Building a Ping Pong Scoreboard

Dan Barber

We’re big fans of table tennis (otherwise known as ping pong or whiff-whaff) here at thoughtbot London but it can be tricky to keep track of the score while playing. This gave Damien and I an idea for a hack day project combining hardware with web services.

We decided that we would build a scoreboard system for the table tennis table so that players didn’t have to keep track of their scores.

The initial idea was to use an ESP-01 wifi module, a couple of buttons, and a nice little web app to implement a scoreboard which incremented the score for a player by pressing one of the buttons which would be mounted at each end of the table. In order to make development simpler we used a Lua based firmware called NodeMCU.

Flashing the firmware onto the module was somewhat of a challenge due to the fact that the ESP-01 does not have USB connectivity, just a basic serial interface, so we needed to hook it up via an FTDI module. This was relatively straightforward but the software tools are flaky and only seem to be available from suspect looking websites! The development tools are similarly esoteric, being written in Java with fairly poor UX.

After getting to grips with the development tools we started to get some coding done.

 The scoreboard app

I decided to build the app back-end in Sinatra and, because I’d recently heard good things about it, build the front-end using Riot.js. Having only one thing to learn during a hack day project is just no fun!

We decided to encapsulate all the scoring logic within the Sinatra app, using a couple of models; one to represent the match and one to represent a player. This meant the frontend was only responsible for rendering the data served by the API.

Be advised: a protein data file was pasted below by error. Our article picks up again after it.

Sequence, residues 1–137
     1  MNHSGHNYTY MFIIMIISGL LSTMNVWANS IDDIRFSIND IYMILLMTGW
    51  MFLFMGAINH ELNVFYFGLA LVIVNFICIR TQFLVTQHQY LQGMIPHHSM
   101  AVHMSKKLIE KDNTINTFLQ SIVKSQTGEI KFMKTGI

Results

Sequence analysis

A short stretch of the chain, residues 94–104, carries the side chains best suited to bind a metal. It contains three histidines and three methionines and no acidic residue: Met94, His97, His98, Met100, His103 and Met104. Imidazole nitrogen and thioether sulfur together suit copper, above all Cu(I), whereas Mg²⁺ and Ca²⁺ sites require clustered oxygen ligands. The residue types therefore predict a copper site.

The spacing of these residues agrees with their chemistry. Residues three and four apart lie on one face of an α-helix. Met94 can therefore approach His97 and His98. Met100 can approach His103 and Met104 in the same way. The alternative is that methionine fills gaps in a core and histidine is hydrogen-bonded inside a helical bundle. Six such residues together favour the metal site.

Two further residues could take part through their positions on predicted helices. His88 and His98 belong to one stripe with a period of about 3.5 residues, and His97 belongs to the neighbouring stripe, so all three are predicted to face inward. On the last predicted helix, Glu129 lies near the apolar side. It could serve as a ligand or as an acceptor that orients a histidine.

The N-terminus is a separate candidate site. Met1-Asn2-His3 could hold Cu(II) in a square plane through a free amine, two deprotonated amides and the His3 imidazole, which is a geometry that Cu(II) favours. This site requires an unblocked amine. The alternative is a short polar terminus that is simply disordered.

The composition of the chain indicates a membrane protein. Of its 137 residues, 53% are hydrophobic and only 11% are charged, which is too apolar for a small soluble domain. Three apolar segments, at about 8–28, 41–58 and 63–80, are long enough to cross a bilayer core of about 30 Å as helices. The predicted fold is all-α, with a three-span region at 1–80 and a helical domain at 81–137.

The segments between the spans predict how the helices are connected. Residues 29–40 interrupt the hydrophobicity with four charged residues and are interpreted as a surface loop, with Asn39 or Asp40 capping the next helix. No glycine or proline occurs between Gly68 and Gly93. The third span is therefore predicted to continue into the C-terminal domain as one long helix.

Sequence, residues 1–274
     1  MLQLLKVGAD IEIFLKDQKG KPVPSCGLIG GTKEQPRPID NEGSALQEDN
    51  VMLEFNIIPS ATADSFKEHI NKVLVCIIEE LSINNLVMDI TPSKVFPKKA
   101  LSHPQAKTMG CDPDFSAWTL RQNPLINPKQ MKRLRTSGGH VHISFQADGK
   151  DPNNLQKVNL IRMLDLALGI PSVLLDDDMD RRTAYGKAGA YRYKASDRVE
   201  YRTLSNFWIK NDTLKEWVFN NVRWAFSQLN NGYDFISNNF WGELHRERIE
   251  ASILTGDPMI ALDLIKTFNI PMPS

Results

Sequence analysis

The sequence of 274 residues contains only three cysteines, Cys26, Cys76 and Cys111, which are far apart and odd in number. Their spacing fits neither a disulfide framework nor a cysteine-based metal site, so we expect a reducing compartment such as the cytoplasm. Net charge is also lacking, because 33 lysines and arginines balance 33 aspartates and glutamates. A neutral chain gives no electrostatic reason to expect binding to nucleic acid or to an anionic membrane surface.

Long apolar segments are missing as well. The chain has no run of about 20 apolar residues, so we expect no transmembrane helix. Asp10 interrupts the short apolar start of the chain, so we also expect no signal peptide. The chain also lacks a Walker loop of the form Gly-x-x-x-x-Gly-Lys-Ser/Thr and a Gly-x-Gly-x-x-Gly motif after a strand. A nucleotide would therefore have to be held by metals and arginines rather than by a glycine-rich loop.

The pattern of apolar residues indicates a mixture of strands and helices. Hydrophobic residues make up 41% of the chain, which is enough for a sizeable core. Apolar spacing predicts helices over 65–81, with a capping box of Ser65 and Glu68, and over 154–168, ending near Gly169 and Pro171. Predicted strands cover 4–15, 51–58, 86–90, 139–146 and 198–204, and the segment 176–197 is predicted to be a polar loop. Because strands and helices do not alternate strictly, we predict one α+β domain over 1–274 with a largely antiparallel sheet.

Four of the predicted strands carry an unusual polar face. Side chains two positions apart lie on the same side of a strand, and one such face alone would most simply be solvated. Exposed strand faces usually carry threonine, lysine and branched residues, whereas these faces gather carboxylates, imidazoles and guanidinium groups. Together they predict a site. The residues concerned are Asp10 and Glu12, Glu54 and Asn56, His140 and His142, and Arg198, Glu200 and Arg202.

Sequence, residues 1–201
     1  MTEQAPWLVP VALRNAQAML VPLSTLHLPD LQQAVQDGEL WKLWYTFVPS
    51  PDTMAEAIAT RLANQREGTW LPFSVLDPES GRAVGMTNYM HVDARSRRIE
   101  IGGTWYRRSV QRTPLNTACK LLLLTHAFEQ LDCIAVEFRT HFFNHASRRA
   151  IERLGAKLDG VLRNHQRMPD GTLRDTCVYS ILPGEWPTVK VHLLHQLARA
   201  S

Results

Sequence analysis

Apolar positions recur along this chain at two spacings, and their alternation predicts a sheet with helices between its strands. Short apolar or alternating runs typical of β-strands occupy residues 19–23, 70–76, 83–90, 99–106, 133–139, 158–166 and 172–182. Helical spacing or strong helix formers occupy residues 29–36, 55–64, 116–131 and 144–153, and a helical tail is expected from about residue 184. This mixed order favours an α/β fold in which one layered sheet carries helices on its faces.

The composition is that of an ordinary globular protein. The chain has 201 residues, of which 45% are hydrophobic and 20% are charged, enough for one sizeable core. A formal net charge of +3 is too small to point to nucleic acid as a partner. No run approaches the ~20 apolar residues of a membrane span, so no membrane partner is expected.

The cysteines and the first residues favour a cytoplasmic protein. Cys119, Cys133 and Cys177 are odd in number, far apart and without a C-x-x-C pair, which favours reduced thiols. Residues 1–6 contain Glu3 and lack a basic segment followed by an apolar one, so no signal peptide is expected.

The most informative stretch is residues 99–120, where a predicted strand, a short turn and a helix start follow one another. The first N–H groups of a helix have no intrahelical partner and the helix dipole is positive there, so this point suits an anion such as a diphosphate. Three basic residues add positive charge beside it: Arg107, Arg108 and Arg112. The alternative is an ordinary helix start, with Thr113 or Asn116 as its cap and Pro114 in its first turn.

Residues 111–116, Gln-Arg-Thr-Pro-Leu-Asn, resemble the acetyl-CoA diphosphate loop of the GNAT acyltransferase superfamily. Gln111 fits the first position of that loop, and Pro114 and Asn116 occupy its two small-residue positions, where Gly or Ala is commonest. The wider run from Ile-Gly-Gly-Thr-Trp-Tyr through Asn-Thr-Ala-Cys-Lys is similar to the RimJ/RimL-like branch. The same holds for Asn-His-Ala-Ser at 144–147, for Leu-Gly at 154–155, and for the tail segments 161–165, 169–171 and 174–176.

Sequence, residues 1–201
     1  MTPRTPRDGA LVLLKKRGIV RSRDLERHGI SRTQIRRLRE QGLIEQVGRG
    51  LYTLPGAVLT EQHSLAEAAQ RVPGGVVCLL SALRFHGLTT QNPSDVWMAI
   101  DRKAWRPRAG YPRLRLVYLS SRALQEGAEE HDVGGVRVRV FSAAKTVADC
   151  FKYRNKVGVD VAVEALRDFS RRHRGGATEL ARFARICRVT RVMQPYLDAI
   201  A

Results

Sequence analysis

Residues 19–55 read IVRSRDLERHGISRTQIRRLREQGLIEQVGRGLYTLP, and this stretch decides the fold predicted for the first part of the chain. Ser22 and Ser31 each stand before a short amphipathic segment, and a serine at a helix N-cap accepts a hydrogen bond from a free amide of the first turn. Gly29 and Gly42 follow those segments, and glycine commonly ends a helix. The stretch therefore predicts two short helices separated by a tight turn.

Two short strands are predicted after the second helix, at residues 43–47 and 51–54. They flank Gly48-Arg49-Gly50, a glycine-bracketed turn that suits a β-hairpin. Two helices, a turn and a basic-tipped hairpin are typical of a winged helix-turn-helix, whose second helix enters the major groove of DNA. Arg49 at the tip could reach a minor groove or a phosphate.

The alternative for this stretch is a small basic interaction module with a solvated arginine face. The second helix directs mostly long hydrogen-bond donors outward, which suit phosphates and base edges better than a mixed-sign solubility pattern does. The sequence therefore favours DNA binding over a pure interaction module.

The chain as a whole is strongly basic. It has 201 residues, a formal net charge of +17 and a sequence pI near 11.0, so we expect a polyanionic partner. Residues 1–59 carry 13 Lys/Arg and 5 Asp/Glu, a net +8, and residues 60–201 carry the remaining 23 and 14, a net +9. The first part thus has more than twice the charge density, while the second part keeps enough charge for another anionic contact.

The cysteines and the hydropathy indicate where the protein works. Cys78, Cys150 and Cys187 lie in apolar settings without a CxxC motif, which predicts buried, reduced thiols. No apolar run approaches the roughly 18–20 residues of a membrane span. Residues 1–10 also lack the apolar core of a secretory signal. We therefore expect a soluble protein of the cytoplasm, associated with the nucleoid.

We used Pusher to handle keeping the front-end in sync, which meant that updating the board from the back-end was as simple as saying:

Pusher['scores'].trigger('update_scores', match.scores.to_json)

Building the front-end in Riot.js ended up being rather simple. Components are implemented as custom tags. Here is the custom tag I implemented for the scoreboard:

<!-- tags/scores.tag -->

  <div class="scores">
    <div id="blue-score">
      <span class="name">{ }</span>
      <span class="score">{ }</span>
      <span class="games">{ }</span>
    <div id="red-score">
      <span class="name">{ }</span>
      <span class="score">{ }</span>
      <span class="games">{ }</span>


    this.players = opts.players;

    // bind to the pusher event to update the scores
    // channel is defined in main.js
    channel.bind('update_scores', function(data) {
      this.players = data;


This gets included and mounted in our main HTML template like so:

<!-- index.erb -->


<div class="controls">
  <button id="reset">Reset</button>

<script src="/tags/scores.tag" type="riot/tag"></script>
<script src="/javascripts/main.js"></script>
<script src="//"></script>

  riot.mount('scores', { players: <%= scores.to_json %> })

Then it all gets tied together with a small amount of Javascript:

// main.js

// setup Pusher and subscribe to the channel
var pusher = new Pusher(pusherKey);
var channel = pusher.subscribe('scores');

resetScores = function () {
  $.ajax({method: 'PUT', url: '/reset_scores', data: ''});

$(function() {
  // bind the click event to reset the scores
  $('#reset').on('click', resetScores);

Add a sprinkle of CSS:

The source is on Github.

The hardware part

Getting a prototype up and running with the ESP01 board was reasonably straightforward. Getting the FTDI board and the ESP board wired together took some trial and error, as did actually flashing the NodeMCU firmware onto the board.

Flashing the ESP01 board. You can see the FDTI board in the background.